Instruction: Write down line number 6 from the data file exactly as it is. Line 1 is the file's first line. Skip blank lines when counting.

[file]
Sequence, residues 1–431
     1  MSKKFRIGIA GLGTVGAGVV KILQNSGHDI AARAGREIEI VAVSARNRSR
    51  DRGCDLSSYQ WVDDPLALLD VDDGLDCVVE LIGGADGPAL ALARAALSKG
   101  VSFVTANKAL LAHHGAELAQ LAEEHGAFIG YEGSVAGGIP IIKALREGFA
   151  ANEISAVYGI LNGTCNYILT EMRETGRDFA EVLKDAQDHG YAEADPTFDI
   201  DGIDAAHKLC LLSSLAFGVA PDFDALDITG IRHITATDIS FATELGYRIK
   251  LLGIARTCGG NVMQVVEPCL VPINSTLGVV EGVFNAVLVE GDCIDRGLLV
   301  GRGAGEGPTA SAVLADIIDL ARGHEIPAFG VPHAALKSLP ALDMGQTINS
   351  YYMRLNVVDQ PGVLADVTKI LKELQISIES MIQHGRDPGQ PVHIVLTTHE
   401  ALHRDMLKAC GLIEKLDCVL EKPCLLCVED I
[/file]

   201  DGIDAAHKLC LLSSLAFGVA PDFDALDITG IRHITATDIS FATELGYRIK